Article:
This is the story of John Fontain, a British man who used to be a Jazz singer and a successful Diamond trader until he accepted Islam and dedicated his life to Da'wah.
John Fontain was born in from Manchester, UK to a working class Christian family. As a young boy, he would always make an intention in Church that he was praying to God alone. At seven, he was sure that there was something wrong with Christianity when the priest changed the chorus lyrics he had written from 'Jesus and God' to 'Jesus is God'.
At the age of fourteen, with a growing passion for music, he became a professional jazz singer, travelling to places and performing in sports stadiums, hotels etc. With a good income and the drive to become the most famous jazz singer in the country, he naturally did not feel the need to attend university!
When he was eighteen, he struck 'diamond' deals with some of the West African immigrants who had come to England, and thus, went to visit Sierra Leone in West Africa. On his way, he was stuck in Senegal, penniless. Seeing his plight, a Muslim hotel manager offered him shelter in his own home. During his stay, he marveled at the courteous mannerisms of his host, and recalls that when he first heard the Azan, it was as if 'his heart was ripped out of his chest'. He would watch his Muslim hosts offer their prayers; this brief period in Senegal was his first positive impression about Islam.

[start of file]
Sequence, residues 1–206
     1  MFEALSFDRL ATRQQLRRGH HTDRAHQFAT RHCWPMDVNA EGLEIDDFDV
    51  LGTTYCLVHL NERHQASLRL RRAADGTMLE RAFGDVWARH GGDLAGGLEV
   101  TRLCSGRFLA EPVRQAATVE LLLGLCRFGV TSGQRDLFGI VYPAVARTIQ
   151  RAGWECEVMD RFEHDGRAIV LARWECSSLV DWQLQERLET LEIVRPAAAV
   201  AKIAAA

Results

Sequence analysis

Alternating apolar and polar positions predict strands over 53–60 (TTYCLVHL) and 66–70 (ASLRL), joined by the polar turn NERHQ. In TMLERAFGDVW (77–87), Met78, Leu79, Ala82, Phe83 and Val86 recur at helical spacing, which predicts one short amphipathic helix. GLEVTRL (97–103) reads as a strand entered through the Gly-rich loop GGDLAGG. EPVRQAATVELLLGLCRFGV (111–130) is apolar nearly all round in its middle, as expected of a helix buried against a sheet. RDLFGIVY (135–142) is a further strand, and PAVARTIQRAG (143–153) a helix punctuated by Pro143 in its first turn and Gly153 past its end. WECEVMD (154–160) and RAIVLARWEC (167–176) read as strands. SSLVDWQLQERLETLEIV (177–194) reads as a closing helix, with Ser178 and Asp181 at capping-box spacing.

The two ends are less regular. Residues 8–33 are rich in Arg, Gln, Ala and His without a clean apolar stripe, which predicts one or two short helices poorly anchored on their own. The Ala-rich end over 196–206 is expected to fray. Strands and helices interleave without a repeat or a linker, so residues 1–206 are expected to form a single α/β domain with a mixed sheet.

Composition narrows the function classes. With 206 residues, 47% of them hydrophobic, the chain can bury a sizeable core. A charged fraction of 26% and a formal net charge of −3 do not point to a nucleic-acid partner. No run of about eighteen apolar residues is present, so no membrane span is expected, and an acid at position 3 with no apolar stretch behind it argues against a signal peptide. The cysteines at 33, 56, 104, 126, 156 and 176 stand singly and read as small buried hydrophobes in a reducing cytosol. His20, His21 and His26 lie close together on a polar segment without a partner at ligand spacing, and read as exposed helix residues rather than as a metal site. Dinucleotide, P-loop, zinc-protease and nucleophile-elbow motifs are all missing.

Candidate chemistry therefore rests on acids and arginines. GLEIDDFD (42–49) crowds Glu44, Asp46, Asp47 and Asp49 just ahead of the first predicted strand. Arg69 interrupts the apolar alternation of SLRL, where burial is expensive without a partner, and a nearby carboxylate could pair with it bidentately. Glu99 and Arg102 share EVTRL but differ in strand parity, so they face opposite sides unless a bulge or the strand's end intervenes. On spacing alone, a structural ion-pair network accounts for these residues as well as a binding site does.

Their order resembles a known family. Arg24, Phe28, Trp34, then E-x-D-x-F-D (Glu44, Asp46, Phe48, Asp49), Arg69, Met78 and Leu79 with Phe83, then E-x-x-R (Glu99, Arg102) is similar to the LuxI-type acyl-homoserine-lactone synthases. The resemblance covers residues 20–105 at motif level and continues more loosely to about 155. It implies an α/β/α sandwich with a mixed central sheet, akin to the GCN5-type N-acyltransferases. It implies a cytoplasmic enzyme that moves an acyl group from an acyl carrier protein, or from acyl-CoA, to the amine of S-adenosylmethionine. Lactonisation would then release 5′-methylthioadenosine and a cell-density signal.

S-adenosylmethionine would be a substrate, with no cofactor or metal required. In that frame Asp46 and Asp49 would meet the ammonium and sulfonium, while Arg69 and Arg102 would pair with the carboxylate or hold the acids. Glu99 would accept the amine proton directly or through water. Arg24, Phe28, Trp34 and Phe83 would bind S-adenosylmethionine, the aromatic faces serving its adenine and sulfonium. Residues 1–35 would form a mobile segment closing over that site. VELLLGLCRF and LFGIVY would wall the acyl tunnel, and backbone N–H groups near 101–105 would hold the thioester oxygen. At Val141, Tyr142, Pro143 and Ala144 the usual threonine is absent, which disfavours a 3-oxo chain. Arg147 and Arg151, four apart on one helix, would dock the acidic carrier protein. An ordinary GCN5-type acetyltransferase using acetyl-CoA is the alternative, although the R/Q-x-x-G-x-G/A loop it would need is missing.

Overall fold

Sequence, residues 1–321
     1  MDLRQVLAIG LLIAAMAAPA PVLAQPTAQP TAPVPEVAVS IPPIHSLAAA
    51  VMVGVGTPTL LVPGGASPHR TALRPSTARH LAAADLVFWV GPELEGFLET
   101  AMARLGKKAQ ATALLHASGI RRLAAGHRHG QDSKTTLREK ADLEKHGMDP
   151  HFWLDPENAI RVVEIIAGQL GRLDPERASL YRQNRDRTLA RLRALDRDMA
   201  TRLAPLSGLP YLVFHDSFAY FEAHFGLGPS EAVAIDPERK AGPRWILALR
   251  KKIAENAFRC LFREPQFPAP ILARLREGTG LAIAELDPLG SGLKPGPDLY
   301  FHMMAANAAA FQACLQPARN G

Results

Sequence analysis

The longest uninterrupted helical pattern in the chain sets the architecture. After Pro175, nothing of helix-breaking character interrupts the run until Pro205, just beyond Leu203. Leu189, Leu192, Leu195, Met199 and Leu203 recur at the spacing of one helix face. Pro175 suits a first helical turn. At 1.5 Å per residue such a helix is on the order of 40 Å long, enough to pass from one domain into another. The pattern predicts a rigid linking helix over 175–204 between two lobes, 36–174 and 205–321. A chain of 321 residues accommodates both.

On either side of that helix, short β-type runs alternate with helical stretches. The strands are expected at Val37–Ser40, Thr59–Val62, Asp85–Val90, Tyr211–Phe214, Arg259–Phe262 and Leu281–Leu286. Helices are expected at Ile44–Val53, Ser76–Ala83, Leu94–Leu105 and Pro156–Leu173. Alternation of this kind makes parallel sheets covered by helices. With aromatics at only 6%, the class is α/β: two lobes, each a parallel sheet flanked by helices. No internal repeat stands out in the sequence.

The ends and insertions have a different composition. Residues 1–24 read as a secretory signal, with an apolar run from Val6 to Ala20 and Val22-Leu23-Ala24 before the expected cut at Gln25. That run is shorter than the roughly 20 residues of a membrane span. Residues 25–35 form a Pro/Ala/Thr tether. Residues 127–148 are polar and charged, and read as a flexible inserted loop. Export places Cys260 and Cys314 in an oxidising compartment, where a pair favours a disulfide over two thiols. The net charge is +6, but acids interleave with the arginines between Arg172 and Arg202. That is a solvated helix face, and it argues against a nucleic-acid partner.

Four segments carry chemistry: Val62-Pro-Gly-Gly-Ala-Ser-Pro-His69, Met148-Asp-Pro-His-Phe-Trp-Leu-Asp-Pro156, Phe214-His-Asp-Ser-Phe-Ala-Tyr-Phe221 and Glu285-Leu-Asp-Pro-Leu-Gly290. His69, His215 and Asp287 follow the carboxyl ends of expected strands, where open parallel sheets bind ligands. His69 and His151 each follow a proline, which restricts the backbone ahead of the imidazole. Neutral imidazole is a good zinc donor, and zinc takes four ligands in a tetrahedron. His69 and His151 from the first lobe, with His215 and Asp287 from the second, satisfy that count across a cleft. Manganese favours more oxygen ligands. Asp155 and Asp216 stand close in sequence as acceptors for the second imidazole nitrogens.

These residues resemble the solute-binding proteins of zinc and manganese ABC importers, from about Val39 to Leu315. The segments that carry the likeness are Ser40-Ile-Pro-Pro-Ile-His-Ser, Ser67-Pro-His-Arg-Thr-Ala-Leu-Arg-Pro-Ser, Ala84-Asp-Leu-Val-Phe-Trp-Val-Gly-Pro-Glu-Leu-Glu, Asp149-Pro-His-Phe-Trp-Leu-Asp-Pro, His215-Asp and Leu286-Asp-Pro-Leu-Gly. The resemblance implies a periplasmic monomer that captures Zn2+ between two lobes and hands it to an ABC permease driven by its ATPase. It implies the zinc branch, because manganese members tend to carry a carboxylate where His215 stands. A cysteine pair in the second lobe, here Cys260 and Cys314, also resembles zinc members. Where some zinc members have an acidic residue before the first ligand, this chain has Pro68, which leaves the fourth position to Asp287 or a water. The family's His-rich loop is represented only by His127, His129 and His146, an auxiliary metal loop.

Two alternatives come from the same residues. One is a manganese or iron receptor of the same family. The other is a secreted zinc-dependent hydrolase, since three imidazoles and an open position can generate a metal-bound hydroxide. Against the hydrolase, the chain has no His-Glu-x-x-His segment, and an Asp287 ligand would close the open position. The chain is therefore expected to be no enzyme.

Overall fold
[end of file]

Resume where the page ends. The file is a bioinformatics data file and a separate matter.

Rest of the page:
Back in London, he enrolled in a highly selective and competitive course related to the diamond industry. He then travelled to Sierra Leone multiple times, but even during times of bright business prospects, he felt something was missing. At this stage, he came across a 'Muslim' village in South Africa, which was notorious for witchcraft and communication with jinn. There, he actually saw women tying knots on strings in order to bring a person under the influence of jinn!
Fortunately, one of his friends from Syria informed him that witchcraft actually went against Islamic injunctions and he handed him a copy of 'Fortress of a Muslim' (An authentic collection of Duas). When he started reading this book, he came across Surah al-Falaq:
Say, I seek refuge in the Lord of daybreak
From the evil of that which He created
And from the evil of darkness when it settles
And from the evil of the blowers in knots
And from the evil of an envier when he envies.